Hey y’all! No day 5 because I forgot to take a picture of my classroom before I left the building for the weekend…but it’ll be up Monday!
“What does a good mentor do?”
Mentoring in education is pretty crucial, as it is in most professions. A good mentor can most likely impact your staying a teacher and not ditching a couple years in because you feel ineffective, unsupported, and uninspired. I have been and am still being mentored by a couple people, so here is my breakdown of what I think a good mentor does:
1. Supports you when you need it
A good mentor knows when to pull you aside and ask how it’s going. I am, for better or worse, independent, and so my first instinct is to try to fix something myself. I have always struggled for asking for help when I need it, so a good mentor should be approachable and show follow-through. Being in a new building means that I have a question about something every day; it feels like the entire staff is mentoring me!
2. Challenges you to be a leader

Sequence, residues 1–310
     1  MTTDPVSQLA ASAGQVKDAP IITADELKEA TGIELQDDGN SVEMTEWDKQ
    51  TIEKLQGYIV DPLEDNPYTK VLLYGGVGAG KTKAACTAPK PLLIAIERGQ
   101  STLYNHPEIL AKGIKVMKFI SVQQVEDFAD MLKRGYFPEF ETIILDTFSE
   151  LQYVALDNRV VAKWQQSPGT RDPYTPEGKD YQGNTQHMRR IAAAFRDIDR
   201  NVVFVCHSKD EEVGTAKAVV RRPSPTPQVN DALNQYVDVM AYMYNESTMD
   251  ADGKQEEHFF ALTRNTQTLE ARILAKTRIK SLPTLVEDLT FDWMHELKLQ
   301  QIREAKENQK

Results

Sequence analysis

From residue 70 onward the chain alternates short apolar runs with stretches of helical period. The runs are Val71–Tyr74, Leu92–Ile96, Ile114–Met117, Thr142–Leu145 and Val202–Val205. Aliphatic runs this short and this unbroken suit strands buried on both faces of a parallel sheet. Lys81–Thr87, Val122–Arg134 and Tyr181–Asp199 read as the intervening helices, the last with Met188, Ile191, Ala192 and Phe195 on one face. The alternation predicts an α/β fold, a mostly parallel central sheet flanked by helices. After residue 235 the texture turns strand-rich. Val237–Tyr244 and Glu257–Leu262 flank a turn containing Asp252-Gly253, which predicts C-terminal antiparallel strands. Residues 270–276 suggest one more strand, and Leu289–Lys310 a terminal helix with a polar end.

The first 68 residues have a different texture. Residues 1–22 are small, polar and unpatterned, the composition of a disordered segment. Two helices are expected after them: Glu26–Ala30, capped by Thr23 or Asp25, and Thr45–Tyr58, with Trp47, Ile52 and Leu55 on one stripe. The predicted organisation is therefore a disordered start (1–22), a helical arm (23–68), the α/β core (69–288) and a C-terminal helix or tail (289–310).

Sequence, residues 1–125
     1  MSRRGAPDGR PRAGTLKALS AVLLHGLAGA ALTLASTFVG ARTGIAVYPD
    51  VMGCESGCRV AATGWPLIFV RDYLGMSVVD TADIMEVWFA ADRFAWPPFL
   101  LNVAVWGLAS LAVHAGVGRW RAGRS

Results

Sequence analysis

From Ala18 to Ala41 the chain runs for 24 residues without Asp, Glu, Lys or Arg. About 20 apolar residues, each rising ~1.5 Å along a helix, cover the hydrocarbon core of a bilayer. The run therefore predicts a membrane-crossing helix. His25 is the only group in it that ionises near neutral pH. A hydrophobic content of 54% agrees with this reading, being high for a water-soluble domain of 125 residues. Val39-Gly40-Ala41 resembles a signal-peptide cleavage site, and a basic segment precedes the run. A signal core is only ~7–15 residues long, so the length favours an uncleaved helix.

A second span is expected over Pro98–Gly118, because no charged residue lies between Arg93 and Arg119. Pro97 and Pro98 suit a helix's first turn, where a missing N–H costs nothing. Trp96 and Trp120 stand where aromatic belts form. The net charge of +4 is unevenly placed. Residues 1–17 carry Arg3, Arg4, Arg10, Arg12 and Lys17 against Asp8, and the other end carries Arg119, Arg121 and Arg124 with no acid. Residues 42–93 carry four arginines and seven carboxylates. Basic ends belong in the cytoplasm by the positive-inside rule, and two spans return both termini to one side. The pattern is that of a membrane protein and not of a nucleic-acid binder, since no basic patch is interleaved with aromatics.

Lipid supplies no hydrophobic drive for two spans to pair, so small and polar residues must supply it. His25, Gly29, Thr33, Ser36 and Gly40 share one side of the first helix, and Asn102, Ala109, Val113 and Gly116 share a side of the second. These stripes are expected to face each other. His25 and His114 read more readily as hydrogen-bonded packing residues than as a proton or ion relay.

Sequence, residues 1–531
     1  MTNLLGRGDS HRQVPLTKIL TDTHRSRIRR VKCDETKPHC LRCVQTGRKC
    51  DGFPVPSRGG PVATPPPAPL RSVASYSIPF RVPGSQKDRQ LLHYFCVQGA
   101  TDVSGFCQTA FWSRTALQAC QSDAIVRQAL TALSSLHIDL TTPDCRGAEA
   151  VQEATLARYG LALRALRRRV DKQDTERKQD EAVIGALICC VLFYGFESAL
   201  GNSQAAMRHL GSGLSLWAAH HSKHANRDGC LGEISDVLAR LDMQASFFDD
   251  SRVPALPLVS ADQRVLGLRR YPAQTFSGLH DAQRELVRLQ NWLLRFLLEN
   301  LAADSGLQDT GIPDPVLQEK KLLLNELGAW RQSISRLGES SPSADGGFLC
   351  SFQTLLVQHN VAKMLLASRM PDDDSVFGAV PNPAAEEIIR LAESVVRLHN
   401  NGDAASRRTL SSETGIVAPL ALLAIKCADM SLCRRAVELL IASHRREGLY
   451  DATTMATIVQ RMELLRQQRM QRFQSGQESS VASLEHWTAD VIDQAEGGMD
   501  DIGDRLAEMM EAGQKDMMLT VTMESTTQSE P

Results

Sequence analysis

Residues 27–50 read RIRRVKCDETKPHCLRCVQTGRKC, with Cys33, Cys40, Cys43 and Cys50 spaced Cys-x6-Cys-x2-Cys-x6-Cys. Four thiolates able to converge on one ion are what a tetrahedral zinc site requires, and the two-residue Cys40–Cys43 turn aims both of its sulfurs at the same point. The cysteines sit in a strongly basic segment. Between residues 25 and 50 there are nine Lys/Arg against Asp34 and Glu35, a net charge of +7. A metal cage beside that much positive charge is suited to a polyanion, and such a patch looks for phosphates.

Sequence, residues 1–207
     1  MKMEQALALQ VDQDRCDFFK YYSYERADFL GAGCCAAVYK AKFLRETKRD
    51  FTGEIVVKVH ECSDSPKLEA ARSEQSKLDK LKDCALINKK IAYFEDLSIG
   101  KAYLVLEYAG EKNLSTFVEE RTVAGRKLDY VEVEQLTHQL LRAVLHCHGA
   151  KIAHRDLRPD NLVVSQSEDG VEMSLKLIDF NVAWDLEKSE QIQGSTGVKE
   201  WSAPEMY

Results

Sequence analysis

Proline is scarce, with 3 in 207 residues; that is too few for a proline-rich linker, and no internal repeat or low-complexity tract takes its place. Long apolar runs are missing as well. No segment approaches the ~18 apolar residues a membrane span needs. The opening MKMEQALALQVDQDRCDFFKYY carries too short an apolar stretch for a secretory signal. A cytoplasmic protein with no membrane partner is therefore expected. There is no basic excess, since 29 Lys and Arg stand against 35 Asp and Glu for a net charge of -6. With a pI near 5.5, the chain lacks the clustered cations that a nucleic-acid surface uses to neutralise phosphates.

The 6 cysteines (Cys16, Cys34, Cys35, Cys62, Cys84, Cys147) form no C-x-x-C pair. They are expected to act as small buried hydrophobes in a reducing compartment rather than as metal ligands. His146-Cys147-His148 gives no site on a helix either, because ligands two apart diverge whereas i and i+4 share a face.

Good mentors should not just be focused on helping a teacher “survive,” but should also encourage a new teacher to put down some roots in areas to grow leadership skills. I have been thrown into some positions where I did not feel qualified or ‘experienced’ enough to handle, only to come out of it wiser and more competent.
3. Corrects you when you’re wrong
Being a new teacher is kind of like being a puppy: we can be overconfident, reckless, and we most definitely make mistakes. A good mentor will tactfully put it all in perspective when you don’t have a great grasp or understanding of an instructional technique or method, school politics, finance, and the “law of the land” in your building.
4. Is someone you can “watch and learn” from
A good mentor walks the talk. He or she is a person to observe and learn from, and is consistent with the best practices that are being coached to you in the classroom. A good mentor doesn’t tell you one thing and then practices the opposite in the classroom. He or she is experienced and should be a person you visit to watch teaching in action. For me, seeing experienced teachers teach is like watching artists paint. Everything they do is deliberate and skilled.
What about you, teachers? What do you think good mentors do?